Foodlink responds to yet another attempt to cut SNAP - Foodlink Inc

Foodlink responds to yet another attempt to cut SNAP

The following statement has been submitted for public comment, in response to the proposed rule issued by the USDA’s Food and Nutrition Service (FNS).

READ THE RULE: Supplemental Nutrition Assistance Program: Standardization of State Heating and Cooling Standard Utility Allowances

Foodlink, the regional food bank based in Rochester, NY, opposes the administration’s latest attempt to slash SNAP enrollment, which will threaten the health and wellbeing of New Yorkers who rely on our programs and services. 

We strongly oppose the proposed rule (RIN 0584-AE69) to standardize state heating and cooling Standard Utility Allowances (SUAs), which would result in a decrease in Supplemental Nutrition Assistance Program (SNAP) benefits for more than 7 million Americans nationwide. By eliminating a state’s ability to calculate its own average utility costs, more than 450,000 New Yorkers would lose an average of $63 in SNAP benefits as part of an 8% decrease in benefits statewide.[1] According to the USDA’s Regulatory Impact Analysis, 31% of New York households would see a reduction in SNAP.[2]

SUBMIT A COMMENT: Visit (Deadline: Dec. 2)

Low-income individuals rely on SNAP to feed themselves and their families because the work of food banks and other charitable organizations alone cannot adequately meet the needs of our community. Last year, Foodlink distributed 19 million pounds of food – its highest total ever. Still, that only accounted for 50% of the “Meal Gap” throughout the 10 counties we serve. For every one meal that a Feeding America member food bank provides, SNAP provides nine. It has been, and remains, the first line of defense against hunger.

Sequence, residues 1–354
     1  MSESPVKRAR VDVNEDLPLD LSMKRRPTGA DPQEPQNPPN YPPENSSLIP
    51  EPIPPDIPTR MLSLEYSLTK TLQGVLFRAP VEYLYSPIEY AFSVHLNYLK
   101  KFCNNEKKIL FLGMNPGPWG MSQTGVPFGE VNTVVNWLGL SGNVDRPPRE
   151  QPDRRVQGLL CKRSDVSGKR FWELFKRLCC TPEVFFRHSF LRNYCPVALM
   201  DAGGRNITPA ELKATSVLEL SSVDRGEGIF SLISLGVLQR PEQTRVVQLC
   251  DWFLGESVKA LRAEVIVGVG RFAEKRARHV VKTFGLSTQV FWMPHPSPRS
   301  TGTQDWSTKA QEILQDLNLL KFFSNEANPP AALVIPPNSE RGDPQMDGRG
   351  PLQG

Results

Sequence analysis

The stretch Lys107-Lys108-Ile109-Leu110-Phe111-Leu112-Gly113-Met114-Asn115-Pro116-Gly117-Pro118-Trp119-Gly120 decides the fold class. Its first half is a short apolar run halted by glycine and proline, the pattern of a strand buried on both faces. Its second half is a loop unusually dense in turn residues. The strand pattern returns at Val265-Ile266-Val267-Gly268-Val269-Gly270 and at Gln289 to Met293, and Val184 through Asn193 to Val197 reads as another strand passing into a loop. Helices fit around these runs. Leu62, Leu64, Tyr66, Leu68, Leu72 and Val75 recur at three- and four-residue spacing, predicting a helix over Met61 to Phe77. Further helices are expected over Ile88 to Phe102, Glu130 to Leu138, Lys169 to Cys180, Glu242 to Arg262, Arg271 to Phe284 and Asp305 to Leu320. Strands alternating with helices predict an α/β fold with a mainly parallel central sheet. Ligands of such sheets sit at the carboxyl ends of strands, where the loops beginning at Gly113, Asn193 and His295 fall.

When SNAP is cut, poverty rises. When poverty rises, the health of our communities suffers. Last year, SNAP lifted more than 3.1 million Americans out of poverty[3]. A comprehensive report released in Rochester this week detailed how poverty is the region’s top health concern. Its analysis found that the health inequities that stem from poverty result in more years of life lost than all forms of cancer combined[4]. Simply put, reducing or eliminating SNAP benefits for households that struggle to put food on the table will only exacerbate this critical issue.

This is the third major attempt by the administration to sidestep the legislative process – the 2018 Farm Bill – and take direct aim at cutting SNAP for poor Americans. With this proposal alone, Feeding America projects a loss of 568 million meals.[5]  We urge the administration to withdraw this dangerous proposal, and help the individuals and families we serve access the food they need to live healthier lives.






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